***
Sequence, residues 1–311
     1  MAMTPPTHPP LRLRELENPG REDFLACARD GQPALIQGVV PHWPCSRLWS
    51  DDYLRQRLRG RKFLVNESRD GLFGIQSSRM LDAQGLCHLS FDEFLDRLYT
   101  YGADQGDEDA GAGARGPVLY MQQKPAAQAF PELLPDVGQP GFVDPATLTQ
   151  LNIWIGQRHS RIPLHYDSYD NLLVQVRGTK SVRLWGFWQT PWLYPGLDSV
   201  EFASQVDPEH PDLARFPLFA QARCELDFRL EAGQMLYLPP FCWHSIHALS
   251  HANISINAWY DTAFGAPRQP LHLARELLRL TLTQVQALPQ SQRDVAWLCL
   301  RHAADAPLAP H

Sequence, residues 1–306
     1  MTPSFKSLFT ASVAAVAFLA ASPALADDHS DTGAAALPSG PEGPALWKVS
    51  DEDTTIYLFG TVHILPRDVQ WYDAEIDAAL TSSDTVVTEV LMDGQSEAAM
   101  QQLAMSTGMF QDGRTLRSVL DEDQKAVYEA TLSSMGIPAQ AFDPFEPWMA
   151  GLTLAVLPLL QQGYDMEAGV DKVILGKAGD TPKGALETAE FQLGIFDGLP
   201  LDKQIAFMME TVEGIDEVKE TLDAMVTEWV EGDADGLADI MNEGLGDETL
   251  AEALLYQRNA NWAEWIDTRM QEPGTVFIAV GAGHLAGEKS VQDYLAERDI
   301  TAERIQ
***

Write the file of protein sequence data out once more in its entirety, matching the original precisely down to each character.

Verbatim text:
Sequence, residues 1–311
     1  MAMTPPTHPP LRLRELENPG REDFLACARD GQPALIQGVV PHWPCSRLWS
    51  DDYLRQRLRG RKFLVNESRD GLFGIQSSRM LDAQGLCHLS FDEFLDRLYT
   101  YGADQGDEDA GAGARGPVLY MQQKPAAQAF PELLPDVGQP GFVDPATLTQ
   151  LNIWIGQRHS RIPLHYDSYD NLLVQVRGTK SVRLWGFWQT PWLYPGLDSV
   201  EFASQVDPEH PDLARFPLFA QARCELDFRL EAGQMLYLPP FCWHSIHALS
   251  HANISINAWY DTAFGAPRQP LHLARELLRL TLTQVQALPQ SQRDVAWLCL
   301  RHAADAPLAP H

Sequence, residues 1–306
     1  MTPSFKSLFT ASVAAVAFLA ASPALADDHS DTGAAALPSG PEGPALWKVS
    51  DEDTTIYLFG TVHILPRDVQ WYDAEIDAAL TSSDTVVTEV LMDGQSEAAM
   101  QQLAMSTGMF QDGRTLRSVL DEDQKAVYEA TLSSMGIPAQ AFDPFEPWMA
   151  GLTLAVLPLL QQGYDMEAGV DKVILGKAGD TPKGALETAE FQLGIFDGLP
   201  LDKQIAFMME TVEGIDEVKE TLDAMVTEWV EGDADGLADI MNEGLGDETL
   251  AEALLYQRNA NWAEWIDTRM QEPGTVFIAV GAGHLAGEKS VQDYLAERDI
   301  TAERIQ